(The following was written by Harold Windsor and is reprinted from “Reflections II”, a collection of local stories available at the Grove City Welcome Center and Museum. Any opinions made in the article are from the author.)

The original plat of Grove City shows that the town consisted of all the area east of what is now Broadway, bounded on the south by what is now Civic Drive at the library; on the north by Franklin Street at the Harley Motors building; on the east by Dudley Avenue and 4th Street; Park Street continued to a line fence just west of the high school buildings. All the land to the west of Broadway, about 300 acres, was owned by Breck also, on which he followed his pursuit of farming, and it was not until many years later that the business houses were built on the west side of Broadway. This land was not included in the original survey of Grove City.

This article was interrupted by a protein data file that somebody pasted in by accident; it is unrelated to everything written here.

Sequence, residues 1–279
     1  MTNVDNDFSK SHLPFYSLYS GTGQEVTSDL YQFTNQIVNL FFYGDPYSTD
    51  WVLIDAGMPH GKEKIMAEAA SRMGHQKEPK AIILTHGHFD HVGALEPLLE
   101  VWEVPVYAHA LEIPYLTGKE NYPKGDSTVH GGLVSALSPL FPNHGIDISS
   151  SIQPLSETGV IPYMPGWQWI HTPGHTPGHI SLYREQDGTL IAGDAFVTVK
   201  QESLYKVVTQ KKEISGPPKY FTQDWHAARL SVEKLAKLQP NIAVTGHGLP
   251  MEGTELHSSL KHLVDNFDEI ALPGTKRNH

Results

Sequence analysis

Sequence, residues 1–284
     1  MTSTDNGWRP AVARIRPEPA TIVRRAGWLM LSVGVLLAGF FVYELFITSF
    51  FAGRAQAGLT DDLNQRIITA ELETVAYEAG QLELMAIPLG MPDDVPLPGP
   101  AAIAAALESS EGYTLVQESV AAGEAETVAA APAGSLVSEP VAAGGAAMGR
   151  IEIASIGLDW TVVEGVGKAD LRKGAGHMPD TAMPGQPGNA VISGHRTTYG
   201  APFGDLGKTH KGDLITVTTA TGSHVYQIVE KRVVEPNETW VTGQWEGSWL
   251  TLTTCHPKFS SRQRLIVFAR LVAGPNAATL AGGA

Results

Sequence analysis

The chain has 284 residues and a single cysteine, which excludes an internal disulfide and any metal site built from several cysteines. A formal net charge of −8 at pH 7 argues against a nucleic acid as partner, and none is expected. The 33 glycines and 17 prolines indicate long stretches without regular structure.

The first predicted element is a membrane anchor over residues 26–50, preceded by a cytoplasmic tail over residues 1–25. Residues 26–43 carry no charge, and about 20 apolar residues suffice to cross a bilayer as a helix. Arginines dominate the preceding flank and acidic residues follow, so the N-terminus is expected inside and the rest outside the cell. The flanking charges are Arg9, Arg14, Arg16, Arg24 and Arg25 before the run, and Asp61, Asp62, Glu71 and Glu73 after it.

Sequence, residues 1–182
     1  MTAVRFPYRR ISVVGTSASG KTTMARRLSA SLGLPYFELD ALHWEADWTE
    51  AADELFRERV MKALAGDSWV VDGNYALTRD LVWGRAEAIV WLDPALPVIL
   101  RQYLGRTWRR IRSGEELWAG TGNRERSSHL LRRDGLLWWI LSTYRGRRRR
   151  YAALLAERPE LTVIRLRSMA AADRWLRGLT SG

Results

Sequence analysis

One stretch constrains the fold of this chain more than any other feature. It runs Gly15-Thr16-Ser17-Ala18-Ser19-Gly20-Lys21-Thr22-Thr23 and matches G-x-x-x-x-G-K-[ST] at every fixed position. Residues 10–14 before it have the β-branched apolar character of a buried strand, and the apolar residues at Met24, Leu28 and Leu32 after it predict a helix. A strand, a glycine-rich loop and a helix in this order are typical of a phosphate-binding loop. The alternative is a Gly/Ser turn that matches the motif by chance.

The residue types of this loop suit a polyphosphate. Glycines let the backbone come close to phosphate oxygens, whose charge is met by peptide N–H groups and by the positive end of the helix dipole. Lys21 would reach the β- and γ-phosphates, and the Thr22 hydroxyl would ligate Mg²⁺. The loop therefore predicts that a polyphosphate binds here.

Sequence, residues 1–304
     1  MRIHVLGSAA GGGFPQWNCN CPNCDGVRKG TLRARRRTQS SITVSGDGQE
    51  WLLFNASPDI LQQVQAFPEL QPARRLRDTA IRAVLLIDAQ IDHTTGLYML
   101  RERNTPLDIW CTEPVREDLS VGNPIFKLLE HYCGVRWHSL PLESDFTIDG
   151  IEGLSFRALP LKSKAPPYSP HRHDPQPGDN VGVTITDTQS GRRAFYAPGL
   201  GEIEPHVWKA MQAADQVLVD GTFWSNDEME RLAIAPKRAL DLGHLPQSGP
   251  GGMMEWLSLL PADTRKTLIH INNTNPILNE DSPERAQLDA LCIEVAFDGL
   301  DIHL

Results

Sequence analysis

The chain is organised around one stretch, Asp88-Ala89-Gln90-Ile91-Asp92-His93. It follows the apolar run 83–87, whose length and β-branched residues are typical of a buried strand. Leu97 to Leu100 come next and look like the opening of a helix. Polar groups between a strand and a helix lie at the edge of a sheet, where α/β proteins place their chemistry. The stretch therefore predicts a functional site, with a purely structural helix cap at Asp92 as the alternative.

The work of building the town began at once and was prosecuted with pioneer energy. A number of more or less comfortable log dwellings were finished and occupied before the winter of 1852 and during the year of 1853 steady progress was made, so by the end of the year the town had a population of 50 people.

Breck at once set about to use every means in his power to encourage industrious mechanics who wished to make a residence in the town. Special offers and invitations were sent to them to become purchasers of lots.

In its beginning the village was never a boomtown; however, in the next ten years its growth was substantial but slow. Breck built the first store room in the village and here he handled all commodities to be found in a country store of that day. Breck’s first store was built on the corner where Urlin Barbee’s hardware store now stands. Here Breck conducted his general store and operated the first post office in Grove City. Mail was delivered from Columbus by the stagecoach, which ran between Columbus and Mt. Sterling.

(The continuation of this story in the next blog entry.)